Last Updated on December 29, 2021
London’s mainline stations reveal their splendour
Trains being my favourite mode of transport, coupled with a penchant for arriving early for any departure, has afforded me the good fortune of spending time in most of the railway stations featured in a newly published book, London’s Great Railway Stations (Frances Lincoln). Written by transport historian, Oliver Green, and photographed by Benjamin Graham, London’s Great Railway Stations traces the history and evolution of 13 mainline stations. At first, I thought this might be quite a niche book – one for trainspotters – but once I dipped into this large volume, I realised how much I have to learn about the Capital’s grand railway stations.
As Londoners are only too aware, due to lengthy traffic diversions, many of these railway stations have undergone extensive refurbishment over the past decades and have become not only places to catch a train but a destination in themselves. Often accompanied by magnificent hotels (St Pancras or Paddington) or extensive shopping and hospitality opportunities (King’s Cross or Liverpool Street), locals and visitors alike can spend happy hours whiling away an afternoon that encompasses a great meal, some upmarket shopping and then, perhaps, board a train for somewhere exotic, having first visited the Champagne bar.
Written and photographed during the pandemic, many of the photographs reveal cavernous waiting halls without a soul to be seen. This provides an unusual and haunting perspective, a somewhat post-apocalyptic view that travellers rarely get to see. With the ongoing pandemic constantly disrupting travel – many of us have not been to a railway station for going on two years – there is something especially poignant about paging through the book and recalling one’s own journeys that began or ended in these venues.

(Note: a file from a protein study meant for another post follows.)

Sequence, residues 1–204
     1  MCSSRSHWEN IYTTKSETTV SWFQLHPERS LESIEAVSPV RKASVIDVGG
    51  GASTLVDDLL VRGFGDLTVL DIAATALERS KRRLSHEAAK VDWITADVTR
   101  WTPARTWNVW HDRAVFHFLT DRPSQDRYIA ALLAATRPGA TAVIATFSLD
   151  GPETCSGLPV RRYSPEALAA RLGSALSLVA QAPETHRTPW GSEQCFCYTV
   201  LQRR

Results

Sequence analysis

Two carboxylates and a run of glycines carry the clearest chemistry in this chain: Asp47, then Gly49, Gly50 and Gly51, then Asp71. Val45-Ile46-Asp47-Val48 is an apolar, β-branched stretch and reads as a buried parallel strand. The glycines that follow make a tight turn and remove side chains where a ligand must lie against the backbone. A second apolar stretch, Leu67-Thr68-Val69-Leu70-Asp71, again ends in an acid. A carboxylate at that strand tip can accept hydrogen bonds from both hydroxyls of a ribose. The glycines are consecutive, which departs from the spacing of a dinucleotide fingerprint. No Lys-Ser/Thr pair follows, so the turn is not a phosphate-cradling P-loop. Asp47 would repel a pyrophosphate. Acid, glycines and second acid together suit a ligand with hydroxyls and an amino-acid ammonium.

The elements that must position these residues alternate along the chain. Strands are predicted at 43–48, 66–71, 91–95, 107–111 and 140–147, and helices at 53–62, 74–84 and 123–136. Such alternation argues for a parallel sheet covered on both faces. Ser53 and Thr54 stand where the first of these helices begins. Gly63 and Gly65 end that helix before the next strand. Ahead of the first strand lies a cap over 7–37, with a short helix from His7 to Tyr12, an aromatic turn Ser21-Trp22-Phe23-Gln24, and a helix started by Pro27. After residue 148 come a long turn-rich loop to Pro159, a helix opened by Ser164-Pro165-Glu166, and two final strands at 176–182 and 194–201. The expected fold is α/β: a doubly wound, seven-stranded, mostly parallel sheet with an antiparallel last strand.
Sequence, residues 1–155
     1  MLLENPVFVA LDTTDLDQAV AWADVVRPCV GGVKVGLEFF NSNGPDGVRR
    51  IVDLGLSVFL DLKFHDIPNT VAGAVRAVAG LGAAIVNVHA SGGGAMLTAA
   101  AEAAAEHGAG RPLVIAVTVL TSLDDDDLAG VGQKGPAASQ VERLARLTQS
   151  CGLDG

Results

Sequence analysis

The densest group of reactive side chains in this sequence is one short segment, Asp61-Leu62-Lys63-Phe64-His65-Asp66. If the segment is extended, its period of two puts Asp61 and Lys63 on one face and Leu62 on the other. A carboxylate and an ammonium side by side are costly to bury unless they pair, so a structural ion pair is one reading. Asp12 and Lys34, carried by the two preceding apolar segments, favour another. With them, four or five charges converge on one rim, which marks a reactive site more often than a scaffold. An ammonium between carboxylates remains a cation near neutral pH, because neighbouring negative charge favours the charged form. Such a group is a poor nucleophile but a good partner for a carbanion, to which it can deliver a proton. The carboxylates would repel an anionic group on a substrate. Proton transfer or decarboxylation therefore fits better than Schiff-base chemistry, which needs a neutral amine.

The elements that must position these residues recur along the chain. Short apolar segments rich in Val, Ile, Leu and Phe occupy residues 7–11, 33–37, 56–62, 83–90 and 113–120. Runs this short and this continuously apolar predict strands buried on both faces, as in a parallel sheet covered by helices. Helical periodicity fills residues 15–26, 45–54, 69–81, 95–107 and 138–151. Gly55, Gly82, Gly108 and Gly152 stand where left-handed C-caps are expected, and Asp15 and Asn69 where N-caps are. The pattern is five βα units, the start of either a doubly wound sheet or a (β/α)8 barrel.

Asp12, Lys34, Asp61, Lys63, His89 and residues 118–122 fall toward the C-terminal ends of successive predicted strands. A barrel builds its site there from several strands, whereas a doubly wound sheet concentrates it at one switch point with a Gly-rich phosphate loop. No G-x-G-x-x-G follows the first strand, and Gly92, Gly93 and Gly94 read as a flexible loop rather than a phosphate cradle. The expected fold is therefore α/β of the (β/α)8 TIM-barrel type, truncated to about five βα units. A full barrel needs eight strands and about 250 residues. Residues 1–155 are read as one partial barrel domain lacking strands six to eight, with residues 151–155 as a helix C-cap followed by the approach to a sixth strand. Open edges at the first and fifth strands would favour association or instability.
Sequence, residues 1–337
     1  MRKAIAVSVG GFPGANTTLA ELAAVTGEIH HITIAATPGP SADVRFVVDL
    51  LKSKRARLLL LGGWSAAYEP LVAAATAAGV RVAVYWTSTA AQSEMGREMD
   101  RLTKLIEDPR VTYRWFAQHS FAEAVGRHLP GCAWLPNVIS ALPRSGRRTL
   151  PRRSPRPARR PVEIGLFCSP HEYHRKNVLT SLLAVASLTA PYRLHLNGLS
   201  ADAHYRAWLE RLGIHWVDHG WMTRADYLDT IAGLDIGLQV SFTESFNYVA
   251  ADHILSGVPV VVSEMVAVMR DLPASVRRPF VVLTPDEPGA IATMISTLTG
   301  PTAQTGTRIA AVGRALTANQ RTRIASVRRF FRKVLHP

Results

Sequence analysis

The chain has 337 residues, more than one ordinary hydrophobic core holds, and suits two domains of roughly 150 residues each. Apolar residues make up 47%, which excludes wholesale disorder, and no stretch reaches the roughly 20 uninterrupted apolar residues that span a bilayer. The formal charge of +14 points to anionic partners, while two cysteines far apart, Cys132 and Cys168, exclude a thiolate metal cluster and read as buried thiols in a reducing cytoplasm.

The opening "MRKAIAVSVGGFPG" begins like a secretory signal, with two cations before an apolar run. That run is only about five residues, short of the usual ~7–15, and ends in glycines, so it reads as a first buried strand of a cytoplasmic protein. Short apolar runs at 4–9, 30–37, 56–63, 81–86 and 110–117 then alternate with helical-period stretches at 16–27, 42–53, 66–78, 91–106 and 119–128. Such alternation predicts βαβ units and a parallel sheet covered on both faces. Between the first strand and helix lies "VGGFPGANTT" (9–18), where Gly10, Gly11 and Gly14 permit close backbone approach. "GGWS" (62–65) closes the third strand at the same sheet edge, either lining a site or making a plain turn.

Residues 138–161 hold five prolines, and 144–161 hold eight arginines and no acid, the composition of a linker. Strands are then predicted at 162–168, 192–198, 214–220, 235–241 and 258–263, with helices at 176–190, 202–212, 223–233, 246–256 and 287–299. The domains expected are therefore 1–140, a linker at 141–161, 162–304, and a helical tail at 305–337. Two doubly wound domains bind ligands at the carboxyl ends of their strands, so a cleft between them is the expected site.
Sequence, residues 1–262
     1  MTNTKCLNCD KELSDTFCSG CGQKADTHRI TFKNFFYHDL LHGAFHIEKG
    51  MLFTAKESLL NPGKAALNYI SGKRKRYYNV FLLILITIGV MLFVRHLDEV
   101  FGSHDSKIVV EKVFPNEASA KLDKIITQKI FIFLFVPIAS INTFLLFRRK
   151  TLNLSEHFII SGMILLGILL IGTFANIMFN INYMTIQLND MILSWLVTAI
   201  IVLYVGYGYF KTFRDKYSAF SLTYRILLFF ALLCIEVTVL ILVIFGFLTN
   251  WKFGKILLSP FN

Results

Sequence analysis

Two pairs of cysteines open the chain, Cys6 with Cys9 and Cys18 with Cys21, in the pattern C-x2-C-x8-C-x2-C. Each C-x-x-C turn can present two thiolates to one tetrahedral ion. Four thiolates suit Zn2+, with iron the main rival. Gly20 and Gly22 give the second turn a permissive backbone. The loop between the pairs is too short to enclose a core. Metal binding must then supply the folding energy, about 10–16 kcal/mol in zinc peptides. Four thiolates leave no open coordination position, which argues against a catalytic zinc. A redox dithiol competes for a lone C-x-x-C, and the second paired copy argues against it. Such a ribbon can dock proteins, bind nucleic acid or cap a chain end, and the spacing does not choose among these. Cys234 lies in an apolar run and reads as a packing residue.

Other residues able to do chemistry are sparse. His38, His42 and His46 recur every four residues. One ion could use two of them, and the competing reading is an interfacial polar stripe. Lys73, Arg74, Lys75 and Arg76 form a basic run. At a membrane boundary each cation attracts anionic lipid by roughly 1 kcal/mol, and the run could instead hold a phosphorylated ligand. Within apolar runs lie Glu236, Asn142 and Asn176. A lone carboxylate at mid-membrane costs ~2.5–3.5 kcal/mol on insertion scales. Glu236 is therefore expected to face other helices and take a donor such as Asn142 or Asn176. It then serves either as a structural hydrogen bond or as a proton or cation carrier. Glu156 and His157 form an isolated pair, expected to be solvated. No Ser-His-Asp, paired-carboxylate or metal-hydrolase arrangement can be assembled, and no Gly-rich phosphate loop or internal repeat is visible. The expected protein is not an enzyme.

Many of the termini in London’s Great Railway Stations are world-famous, while others are less well known. Cannon Street and Fenchurch Street are now on my radar. London has more main-line stations than any other city in the world. Unlike London and Paris, many other international cities have one central station – think of Amsterdam, Milan and Berlin or many large cities in the US. This centralisation was mooted and rejected for London in 1846 which set the scene that we all benefit from today.
The history of each station is written in some detail and is fascinating to read. From historical records to art, architecture and memorials such as that of The Kinderstransport at Liverpool Street Station to happier memories of Paddington Bear at Paddington Station, there is a wealth of information to absorb from London’s Great Railway Stations. The spectacular photography showcases magnificent architectural features often overlooked by the casual station visitor as well as birds-eye views inaccessible to those without a drone. Many of the photographs of the edifices of the railway stations reveal a beauty to London streets that are not always experienced by locals pushing through crowds to catch their train. Paging through the book, I was encouraged to make dedicated visits to many of these venues to explore on a day out.
London’s Great Railway Stations will make a welcome gift and is a great book for a coffee table as it is lovely to look at, perfect to dip into and brimming with information. For train enthusiasts, those interested in London history and architecture, this is a perfect gift.
Railway travel is an especially wonderful way to slowly transition from departure to arrival. The railway stations, the history of which is detailed in London’s Great Railway Stations, are so beautiful that it is well worth pausing to properly appreciate the splendour of the surroundings before emerging into the less salubrious surroundings that often lie outside.
London’s Great Railway Stations is on sale for £35 RRP
Photographs all copyright of Benjamin Graham
For more about London, check out London Explored, also published by Frances Lincoln